Leading Article: A non-strategy for the arts

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The Independent Online
IF YOU bring together everyone who wants money from the Government and ask them to produce a strategy, you are likely to end up with a confused clamour of special pleading. So it has turned out with the report by the Arts Council that will land on the desk of Peter Brooke, the new Secretary of State for National Heritage, today. It took two years to produce and cost pounds 250,000. It purports to be a 'strategy for the arts, crafts and media in Great Britain'. In fact it is little more than a list of all the worthy cultural causes on which the Government ought to spend money.

Every interest group has had its say and been recognised in a mish-mash of worthy sentiments and hazy generalisations. We need new works and old, old buildings and new, black and 'culturally diverse' companies, professionals and amateurs, new technologies, education in the arts, films, videos, crafts, access for the disabled, and more money for everyone. True, true. There is very little to quarrel with except the claim that this amounts to a strategy. Under the section called 'policies and priorities' the report admits defeat in the first paragraph. The headings, it says, 'are in order of priority, but in practice they are interdependent and of broadly equal status'. In other words, no lobby can complain about being placed second to any other.

The main question posed by the report is whether the Arts Council was the proper body to undertake the task of formulating a new strategy for the arts in Britain. It is too close to the interested parties to be objective, and ill equipped for the sort of rigorous analysis that a new strategy demands. What it should have been asked to produce was a list of wishes, a set of principles that it would like to see guiding arts funding, and a few cogent arguments to back up its case for more generosity. Many of these things can be found in its report but they are well concealed and wrongly labelled. The anger that the report has generated in cultural circles in the course of its preparation is justified.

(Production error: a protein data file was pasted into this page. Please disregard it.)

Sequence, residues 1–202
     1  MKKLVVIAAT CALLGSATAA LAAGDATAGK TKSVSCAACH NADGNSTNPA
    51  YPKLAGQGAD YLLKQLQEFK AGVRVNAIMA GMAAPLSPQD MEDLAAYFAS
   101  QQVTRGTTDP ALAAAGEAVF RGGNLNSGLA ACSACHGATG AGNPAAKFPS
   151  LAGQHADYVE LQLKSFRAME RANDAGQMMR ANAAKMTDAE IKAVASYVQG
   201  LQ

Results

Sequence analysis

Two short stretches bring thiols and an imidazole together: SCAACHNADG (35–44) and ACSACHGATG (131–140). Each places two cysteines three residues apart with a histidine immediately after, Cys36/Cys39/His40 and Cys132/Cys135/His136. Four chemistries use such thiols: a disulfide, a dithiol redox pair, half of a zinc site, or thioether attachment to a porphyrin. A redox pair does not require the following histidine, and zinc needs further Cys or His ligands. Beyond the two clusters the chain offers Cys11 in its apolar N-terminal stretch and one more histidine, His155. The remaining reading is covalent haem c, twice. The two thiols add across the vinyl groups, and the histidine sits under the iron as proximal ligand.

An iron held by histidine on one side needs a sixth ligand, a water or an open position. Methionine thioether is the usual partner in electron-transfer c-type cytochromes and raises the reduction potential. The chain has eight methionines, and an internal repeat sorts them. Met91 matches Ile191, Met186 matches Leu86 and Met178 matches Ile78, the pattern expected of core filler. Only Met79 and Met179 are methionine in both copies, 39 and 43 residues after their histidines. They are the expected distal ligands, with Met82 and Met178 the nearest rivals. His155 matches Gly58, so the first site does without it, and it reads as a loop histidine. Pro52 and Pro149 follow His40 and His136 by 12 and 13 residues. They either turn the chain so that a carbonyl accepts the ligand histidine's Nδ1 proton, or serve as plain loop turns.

Mr Brooke has the chance to start strongly in his new job by treating the document as a register of claims and setting up a small advisory group of experts with no special axes to grind to suggest priorities. It would have to represent the consumer as well as the producer, and start from the assumption that economic conditions will not permit significant increases in funding for some time. But this should not prevent it taking a long-term view on questions such as the level of funding needed if Britain wants to maintain its international position in the arts, how much the arts contribute to Britain's balance of payments, how much weight to give to making opera tickets more affordable and how to balance the demands of the regions against those of the capital.

Probably it should propose a much clearer distinction between capital expenditure on buildings and support for performers. It would certainly put support for amateur dramatics, endorsed by the Arts Council, near the bottom of any list. And it should not be shy about proposing changes in the Arts Council itself. After that it would be Mr Brooke's task to produce a strategy for moving from the present underfunded confusion towards a clearer definition of the place of the arts in the life of the nation and the level of resources needed to maintain it.

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